Japanese companies bid on nation's FSX jet-fighter program. Results could affect Japan's competitive position

By , Special to The Christian Science Monitor

Japanese companies are bidding to develop the country's FSX -- support fighter experimental. The outcome could influence Japan's ability to compete with the United States and Europe in aircraft manufacturing.

Military aviation provides an entry into the commercial aviation area, evidenced by the country's expanding role as a producer of components for Boeing aircraft. It also provides valuable spinoffs, ranging from metal baseball bats to electronics. Domestic production is also justified on the grounds of national security, as insurance against possible uncertain supply of aircraft and parts from the US in times of crisis.

The FSX is planned to come into service by the mid to late 1990s and, in addition to replacing Japan's F-1 fighter, it may also replace the large fleet of aging Phantom F-4 jets.

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Japanese companies already produce a wide range of equipment for the armed forces, including a variety of aircraft and engines, much of it under license from United States companies. The experience that Japanese manufacturers have acquired through such license arrangements has been a key to their effort to ``catch up'' with US and European rivals.

With the exception of certain sensitive ``black box'' technologies, mainly electronic systems, the Japanese are able to build domestically aircraft such as theF-15 fighter and the P-3 Orion antisubmarine warfare aircraft. The Japanese have been so adept at accumulating skills and technology that US companies are now much more cautious about transferring technology for fear of aiding a potential competitor.

In certain areas, the Japanese already claim to match their former American mentors. Toshio Murai, general manager of MHI's aircraft division, has claimed that the F-15s built at Nagoya are significantly more reliable than those made by McDonnell Douglas. Advanced Japanese production methods and quality control, along with materials technology, are credited for this. McDonnell Douglas officials here point out, however, that MHI builds an average of one aircraft a month.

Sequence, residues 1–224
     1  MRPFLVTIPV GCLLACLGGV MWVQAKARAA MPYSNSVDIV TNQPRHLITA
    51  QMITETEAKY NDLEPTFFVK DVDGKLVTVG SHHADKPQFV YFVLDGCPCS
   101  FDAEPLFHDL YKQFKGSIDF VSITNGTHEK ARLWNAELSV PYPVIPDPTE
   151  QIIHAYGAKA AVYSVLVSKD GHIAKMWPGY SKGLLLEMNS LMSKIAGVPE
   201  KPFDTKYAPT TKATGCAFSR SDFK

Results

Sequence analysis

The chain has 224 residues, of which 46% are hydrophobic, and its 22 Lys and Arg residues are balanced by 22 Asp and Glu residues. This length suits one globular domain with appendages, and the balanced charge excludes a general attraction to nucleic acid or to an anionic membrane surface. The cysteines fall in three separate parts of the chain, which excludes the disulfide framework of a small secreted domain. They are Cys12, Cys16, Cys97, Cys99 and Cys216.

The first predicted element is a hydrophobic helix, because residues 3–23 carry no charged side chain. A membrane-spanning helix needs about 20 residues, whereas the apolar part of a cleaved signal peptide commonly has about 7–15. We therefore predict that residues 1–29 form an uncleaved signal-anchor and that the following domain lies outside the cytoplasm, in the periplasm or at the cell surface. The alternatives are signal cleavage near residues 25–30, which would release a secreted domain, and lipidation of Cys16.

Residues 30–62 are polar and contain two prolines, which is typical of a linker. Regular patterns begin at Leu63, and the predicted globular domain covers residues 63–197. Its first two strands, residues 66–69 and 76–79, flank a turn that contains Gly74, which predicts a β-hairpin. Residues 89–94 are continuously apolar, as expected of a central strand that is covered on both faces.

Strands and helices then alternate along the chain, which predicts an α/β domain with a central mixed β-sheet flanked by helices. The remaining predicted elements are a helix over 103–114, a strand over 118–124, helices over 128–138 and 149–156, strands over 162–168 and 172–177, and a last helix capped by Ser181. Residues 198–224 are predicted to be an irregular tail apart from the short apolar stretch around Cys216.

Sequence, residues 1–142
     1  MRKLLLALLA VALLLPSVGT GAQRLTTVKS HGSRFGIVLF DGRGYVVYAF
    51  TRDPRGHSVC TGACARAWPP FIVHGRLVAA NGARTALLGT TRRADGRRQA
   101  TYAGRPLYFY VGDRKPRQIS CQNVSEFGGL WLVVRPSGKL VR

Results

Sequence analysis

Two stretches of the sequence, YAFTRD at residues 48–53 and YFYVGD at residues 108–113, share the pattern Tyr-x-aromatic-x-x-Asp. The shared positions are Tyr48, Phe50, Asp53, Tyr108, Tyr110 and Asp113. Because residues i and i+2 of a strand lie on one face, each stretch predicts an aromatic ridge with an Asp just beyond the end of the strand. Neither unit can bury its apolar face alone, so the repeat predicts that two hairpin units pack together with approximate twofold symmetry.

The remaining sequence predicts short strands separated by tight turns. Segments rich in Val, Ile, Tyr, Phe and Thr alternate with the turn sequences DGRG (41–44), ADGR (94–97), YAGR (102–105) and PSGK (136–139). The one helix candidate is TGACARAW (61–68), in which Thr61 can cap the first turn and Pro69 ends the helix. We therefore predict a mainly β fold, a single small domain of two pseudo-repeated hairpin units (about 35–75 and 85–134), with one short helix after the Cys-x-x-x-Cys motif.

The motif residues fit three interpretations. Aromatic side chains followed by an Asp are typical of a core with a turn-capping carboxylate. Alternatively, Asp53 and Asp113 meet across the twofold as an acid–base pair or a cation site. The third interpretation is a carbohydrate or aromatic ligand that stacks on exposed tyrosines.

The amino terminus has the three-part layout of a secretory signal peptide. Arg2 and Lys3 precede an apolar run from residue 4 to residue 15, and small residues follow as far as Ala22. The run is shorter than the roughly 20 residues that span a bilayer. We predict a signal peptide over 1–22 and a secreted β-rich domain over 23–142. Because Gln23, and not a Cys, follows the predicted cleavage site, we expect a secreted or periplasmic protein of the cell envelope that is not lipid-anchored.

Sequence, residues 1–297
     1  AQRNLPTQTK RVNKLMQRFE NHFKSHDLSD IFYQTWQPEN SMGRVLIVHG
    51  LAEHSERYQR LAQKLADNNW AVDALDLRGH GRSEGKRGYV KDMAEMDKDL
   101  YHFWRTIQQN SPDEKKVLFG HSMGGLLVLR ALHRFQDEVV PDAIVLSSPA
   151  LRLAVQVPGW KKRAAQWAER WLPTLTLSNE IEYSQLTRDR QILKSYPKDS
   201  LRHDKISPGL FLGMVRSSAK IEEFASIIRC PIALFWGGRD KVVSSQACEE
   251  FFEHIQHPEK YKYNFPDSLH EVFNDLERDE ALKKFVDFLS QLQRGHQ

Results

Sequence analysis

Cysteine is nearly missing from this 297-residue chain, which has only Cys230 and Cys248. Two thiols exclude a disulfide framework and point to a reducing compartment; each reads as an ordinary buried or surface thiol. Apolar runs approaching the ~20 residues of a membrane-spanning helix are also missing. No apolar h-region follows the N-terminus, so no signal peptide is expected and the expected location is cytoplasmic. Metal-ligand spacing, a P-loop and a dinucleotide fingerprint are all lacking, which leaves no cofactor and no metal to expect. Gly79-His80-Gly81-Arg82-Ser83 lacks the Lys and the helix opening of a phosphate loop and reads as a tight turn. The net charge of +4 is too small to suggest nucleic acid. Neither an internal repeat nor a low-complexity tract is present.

But Japanese industry still has considerable problems to overcome before it can pose a real competitive threat. It is very weak in engine design. More important, it has very little experience in designing and producing aircraft from scratch.

MHI, the most experienced company, has produced one totally domestic supersonic jet fighter, the F-1, a derivative of a jet trainer developed for the air self-defense force. Though a capable aircraft, the F-1 was considered out of date by international standards even when it was introduced in the late 1970s.

A plan for complete domestic production of the FSX has strong support from elements of the defense agency and the Ministry of International Trade and Industry. The JDA has financed experimental work on a control configured vehicle, a computer-controlled highly maneuverable plane. Work on such technology is also going on in the US.

With the exception of the engine, MHI and the JDA's R&D section claim they can produce a ``state of the art'' plane.

There is strong pressure, however, for Japan to choose an US plane as the FSX. With the issue of Japan's trade surplus with the US lurking in the background, American critics of the domestic option are highly skeptical of industry's claim to be able to produce a capable, cost-effective plane. There is considerable Japanese support for that view, even within the JDA. Advocates of purely domestic production are pushing for a decision this summer to include money in next year's defense budget for the project.

Foreign Ministry sources, however, say opponents of this course have won a postponement of the decision to give time to study other options, including possible ``co-development'' of an advanced version of a US plane, probably the McDonnell Douglas F-18, which would incorporate domestic Japanese technology.

While they do not talk much about it publicly, Japanese manufacturers anticipate that their country's ban on military exports may someday be removed. ``A substantial proportion of Japanese [defense] equipment suppliers feel a powerful drive to enter world export markets,'' reports a recent study of the Japanese defense industry by the Jardine Fleming investment firm. ``Notwithstanding current restrictions, it would be rash to assume that they could not compete effectively in the world markets in, say, rather over a decade's time.''

Thus, how the FSX project goes will probably determine Japan's ability to mount a serious challenge in the future military aviation market.

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